Formal Wedding Photography: 4. After the Ceremony

The photography after the ceremony can be a logistical nightmare. It is imperative that you be ready for what is about to happen.

After the ceremony, a convoy will depart the church, led by the happy couple's vehicle and followed by overenthusiastic guests who set out to violate noise bylaws in as many neighborhoods as time will permit. If you have done your job, this convoy will ultimately arrive at the photo destination reasonably on time, and with everybody you need. Photo locations for weddings are like tour bus destinations. Groups will be arriving simultaneously, with each photographer wanting his wedding party in front of the best photo backgrounds. By the time your party arrives, have your background selected. If you have an assistant (lucky you), have them collect the party and guests, and bring them to you.

Anchor your groups! Place the bride and groom where the center of the groups will be, and clear enough room for the largest group. Make sure your equipment cases are reserving your shooting position. Guests with camera phones, SureShots etc are going to congregate pushing one another and trying to get shots of what you are doing. They are all in a rush to take their photo before they lose the posed group. They will also all be talking at once to the people you have in front of your camera, and if you do not get control of the guests at this point, your group shots will suck!

Before you pose the bride and groom, ask "Is there anyone with cameras who would like to take pictures here?" When the group of guests is assembled, explain to them that time is limited, but if everything can be managed efficiently, you can make sure that everyone has an opportunity to get a photo. The rules are simple:

  1. "Everyone stand back, give me room while I arrange the group, and remain quiet while I do my photography."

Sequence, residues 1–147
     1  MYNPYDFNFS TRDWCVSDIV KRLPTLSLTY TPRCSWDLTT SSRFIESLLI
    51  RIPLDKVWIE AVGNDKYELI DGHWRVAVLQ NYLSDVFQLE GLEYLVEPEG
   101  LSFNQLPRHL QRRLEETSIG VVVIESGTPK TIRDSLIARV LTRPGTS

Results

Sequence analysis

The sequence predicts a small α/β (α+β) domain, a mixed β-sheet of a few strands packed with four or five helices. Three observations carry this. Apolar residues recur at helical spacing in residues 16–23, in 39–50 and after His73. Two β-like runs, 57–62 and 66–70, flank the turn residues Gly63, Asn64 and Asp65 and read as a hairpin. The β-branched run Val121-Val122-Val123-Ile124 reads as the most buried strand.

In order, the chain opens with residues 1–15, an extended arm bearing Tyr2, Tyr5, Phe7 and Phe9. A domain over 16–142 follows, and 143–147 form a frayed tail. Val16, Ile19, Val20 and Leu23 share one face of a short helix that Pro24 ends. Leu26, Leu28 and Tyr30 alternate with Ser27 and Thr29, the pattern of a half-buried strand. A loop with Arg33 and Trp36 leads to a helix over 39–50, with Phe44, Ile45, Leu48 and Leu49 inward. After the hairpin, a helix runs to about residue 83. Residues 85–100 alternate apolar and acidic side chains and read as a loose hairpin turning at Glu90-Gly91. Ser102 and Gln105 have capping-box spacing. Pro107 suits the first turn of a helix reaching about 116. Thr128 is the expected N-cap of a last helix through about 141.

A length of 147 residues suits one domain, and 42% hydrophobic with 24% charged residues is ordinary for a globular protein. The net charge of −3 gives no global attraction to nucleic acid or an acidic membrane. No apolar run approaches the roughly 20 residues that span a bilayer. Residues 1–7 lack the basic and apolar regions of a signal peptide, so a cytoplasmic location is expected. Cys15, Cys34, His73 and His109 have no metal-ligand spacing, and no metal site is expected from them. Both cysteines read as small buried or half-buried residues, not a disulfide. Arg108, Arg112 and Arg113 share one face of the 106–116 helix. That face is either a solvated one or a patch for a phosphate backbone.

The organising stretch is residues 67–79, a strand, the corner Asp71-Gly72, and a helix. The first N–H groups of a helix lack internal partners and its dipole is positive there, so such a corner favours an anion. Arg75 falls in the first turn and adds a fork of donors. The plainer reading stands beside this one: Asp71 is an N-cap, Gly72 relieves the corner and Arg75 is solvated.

2. "I will then have anyone who wants a photograph come forward so they can get their shot."
  3. "Then everyone step back and let me arrange the next group."

If you have someone who is crowding you, just look through the camera at the group, take a step back and run into them, then apologize "I didn't realize you were so close. Could you please step back and give me a little more room? I want to do this quickly so you and everyone else has a chance to get pictures." You are doing them a favour in return for their co-operation. (Remember when you call them forward to take photos, do not leave your shooting position, and remain standing. You do not stage-manage their shots, only your own, and make sure that they have to shoot from the side. )

Then pose the bride and groom, and get a full length shot. Ask them to remain while you arrange the groups. Have the best man and maid of honour collecting the next group while you are posing each. Groups will run like:

  • Bride and groom alone,
  • Couple with bride's parents,
  • Couple with bride's family,
  • Couple with groom's parents,
  • Couple with groom's family,
  • Couple with special guests,
  • Couple with special friends, and finally
  • Couple with full bridal party

As you finish with each group, thank them and send them on to the reception. The logic here is to reduce the number of people you have to manage as quickly as possible. With any luck, all of the cameras will also go to the reception and leave you in peace to do the real photography with the bridal party.

Change your background. You are working with less people, and they will appreciate variety. If possible, none of these group should be in a line. Arrange the bride and groom differently for each shot, and surround them wih a pleasing arrangement of the members of the bridal party. Work first with the entire bridal party, then the bride's maids, then the groom's men, and finally the best man and the maid of honour. Send them on to the reception, and have the maid of honour collect any guests that are left. "Let's give them some privacy and a moment to relax before the reception....."

At this point you have to give the bride and groom a moment to relax and to relate to each other. Take the pressure off them. "Just take a few minutes, and a few deep breaths. No pressure. We will then do a few relaxed shots, without the madding crowds."